30 min

Unveil pressure's secrets with LPS33HW and TM4C1294KCPDT

High-tech sensing: Digital pressure measurement in focus

Pressure 11 Click with Fusion for Tiva v8

Published Oct 13, 2023

Click board™

Pressure 11 Click

Development board

Fusion for Tiva v8


NECTO Studio



Precision meets simplicity with our digital pressure measurement solution, making complex measurements accessible and accurate for professionals in any field



Hardware Overview

How does it work?

Pressure 11 Click is based on the LPS33HW, an absolute digital output barometer IC in water-resistant package from STMicroelectronics. It can be used to measure absolute pressure values from 260 - 1260hPa. The sensor can be exposed up to 2MPa of pressure peaks, without causing any permanent damage. However, prolonged exposure to such high pressure can affect the reliability and accuracy of the sensor. The LPS33HW IC comprises a piezoresistive MEMS and an ASIC. The MEMS consists of a suspended membrane manufactured using a proprietary technology, developed by ST. The piezoresistive elements on the membrane form a Wheatstone bridge. By applying a pressure, the balance of the bridge is disturbed, which causes a proportional voltage to appear on its output. The output of the Wheatstone bridge is then processed by the ASIC, which outputs conditioned and factory-calibrated data over the SPI or I2C interface, in 24-bit, two’s complement format. Pressure 11 click supports both SPI and I2C communication interfaces, allowing it to be used with a wide range of different MCUs. The communication interface can be chosen by moving SMD jumpers grouped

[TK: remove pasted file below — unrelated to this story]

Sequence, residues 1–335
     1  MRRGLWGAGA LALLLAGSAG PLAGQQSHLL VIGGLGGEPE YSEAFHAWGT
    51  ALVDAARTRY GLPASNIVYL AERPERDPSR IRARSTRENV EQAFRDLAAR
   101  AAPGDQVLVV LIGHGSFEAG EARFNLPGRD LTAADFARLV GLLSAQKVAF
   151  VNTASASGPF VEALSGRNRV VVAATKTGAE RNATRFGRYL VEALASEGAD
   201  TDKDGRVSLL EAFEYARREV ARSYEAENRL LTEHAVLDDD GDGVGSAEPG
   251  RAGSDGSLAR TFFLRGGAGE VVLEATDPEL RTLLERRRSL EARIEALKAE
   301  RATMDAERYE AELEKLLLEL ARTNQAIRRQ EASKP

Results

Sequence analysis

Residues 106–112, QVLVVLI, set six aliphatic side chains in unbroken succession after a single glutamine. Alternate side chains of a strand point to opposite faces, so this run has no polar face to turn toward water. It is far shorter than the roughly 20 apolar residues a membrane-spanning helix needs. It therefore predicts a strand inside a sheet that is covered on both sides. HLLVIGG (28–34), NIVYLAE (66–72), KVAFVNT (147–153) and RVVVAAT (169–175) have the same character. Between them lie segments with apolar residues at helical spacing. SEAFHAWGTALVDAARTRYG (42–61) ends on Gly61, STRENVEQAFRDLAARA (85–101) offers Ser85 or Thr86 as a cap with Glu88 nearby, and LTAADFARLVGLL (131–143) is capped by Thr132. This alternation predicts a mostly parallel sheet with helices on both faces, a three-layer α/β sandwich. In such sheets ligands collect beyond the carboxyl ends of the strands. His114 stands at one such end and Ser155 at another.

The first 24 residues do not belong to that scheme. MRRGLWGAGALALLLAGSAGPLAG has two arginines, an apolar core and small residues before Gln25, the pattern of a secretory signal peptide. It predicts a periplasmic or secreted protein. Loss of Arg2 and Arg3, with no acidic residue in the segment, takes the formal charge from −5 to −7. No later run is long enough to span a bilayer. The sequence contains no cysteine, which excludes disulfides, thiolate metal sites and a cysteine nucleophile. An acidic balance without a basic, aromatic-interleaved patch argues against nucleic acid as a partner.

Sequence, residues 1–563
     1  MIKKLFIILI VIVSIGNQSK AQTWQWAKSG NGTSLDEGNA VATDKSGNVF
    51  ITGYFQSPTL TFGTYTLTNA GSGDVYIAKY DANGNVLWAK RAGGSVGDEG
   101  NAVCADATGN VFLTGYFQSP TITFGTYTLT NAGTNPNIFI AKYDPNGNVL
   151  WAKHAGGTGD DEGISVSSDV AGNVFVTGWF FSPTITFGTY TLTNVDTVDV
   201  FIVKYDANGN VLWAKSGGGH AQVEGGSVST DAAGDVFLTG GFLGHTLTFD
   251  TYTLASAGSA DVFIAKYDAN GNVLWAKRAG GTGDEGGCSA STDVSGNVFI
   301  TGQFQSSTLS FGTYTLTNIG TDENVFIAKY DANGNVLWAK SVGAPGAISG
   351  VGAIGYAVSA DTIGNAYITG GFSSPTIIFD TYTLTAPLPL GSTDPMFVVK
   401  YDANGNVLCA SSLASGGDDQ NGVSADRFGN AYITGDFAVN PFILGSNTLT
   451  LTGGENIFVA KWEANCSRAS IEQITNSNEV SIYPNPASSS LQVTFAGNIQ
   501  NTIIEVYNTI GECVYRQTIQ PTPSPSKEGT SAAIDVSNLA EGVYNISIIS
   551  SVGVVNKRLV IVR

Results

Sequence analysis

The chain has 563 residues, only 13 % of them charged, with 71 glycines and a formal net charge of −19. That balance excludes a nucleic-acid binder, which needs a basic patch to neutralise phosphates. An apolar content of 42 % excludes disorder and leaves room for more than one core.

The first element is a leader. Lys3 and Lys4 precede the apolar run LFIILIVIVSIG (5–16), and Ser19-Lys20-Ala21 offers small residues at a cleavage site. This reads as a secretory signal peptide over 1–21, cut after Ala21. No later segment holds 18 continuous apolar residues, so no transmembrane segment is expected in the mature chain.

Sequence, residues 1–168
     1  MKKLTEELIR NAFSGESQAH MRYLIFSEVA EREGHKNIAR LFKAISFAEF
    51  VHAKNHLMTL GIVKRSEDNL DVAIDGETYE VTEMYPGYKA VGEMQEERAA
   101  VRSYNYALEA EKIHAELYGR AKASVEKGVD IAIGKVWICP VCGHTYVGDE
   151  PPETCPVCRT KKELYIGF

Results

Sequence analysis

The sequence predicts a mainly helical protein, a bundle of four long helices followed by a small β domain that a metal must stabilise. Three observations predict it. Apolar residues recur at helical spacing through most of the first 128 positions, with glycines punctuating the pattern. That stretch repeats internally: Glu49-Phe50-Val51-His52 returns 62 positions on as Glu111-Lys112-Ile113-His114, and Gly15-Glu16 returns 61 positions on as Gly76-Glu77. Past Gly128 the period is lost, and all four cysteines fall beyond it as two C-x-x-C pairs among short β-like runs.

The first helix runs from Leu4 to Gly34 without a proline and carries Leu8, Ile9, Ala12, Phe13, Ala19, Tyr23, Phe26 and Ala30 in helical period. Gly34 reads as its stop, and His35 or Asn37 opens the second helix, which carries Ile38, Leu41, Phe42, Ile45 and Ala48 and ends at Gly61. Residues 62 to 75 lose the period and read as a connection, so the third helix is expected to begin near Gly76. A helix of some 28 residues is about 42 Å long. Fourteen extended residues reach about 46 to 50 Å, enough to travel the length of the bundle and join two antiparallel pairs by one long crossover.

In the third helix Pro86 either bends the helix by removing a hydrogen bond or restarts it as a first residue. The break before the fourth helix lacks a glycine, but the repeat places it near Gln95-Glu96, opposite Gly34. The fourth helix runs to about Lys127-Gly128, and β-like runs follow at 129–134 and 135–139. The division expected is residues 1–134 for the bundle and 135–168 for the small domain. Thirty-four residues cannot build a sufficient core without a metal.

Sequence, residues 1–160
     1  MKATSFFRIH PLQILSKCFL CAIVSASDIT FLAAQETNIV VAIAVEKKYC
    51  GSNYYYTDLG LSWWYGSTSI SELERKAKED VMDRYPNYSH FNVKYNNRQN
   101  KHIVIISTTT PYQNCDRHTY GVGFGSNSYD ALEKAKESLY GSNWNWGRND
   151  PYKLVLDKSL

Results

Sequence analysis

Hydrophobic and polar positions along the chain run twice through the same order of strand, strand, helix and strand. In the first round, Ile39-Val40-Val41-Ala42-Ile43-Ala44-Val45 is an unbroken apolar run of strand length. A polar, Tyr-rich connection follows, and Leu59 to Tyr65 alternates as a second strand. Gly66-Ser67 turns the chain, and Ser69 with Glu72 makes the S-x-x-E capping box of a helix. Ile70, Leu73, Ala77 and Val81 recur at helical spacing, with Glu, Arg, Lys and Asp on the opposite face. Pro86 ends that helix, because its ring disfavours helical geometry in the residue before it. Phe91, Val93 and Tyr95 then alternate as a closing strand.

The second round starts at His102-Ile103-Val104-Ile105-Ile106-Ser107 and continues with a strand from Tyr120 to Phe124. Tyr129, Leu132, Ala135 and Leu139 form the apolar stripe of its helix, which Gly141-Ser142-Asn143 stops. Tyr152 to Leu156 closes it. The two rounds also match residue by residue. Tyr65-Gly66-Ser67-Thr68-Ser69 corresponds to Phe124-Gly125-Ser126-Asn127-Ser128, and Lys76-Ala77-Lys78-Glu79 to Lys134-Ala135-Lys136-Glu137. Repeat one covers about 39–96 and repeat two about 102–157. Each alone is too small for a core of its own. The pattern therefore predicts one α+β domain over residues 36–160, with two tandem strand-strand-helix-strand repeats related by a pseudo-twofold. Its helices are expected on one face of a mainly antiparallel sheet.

under the COM SEL to an appropriate position (SPI or I2C). The slave I2C address can also be configured by a SMD jumper, when the Click board™ is operated in the I2C mode: a SMD jumper labeled as ADD SEL is used to set the least significant bit (LSB) of the I2C address. When set to 1, the 7-bit I2C slave address becomes 0b1011101x. If set to 0, the address becomes 0b1011100x. The last digit (x) is the R/W bit. One of distinctive features of the LPS33HW is a highly configurable FIFO buffer, with 32 slots of 40-bit data, allowing to buffer both pressure and temperature readings. The FIFO buffer can be configured to work in one of several available modes, offering a great flexibility. Along with the extensive interrupt engine which can signal several FIFO-related events over a dedicated INT_DRDY pin, the FIFO buffer can be very useful for writing an optimized MCU firmware. Besides FIFO-related events, the extensive interrupt engine of the LPS33HW IC can be configured to signal several other events over a dedicated INT_DRDY pin, including events when a programmable low or high threshold level is exceeded, and events when there is a data ready to be read from the output. The INT_DRDY pin of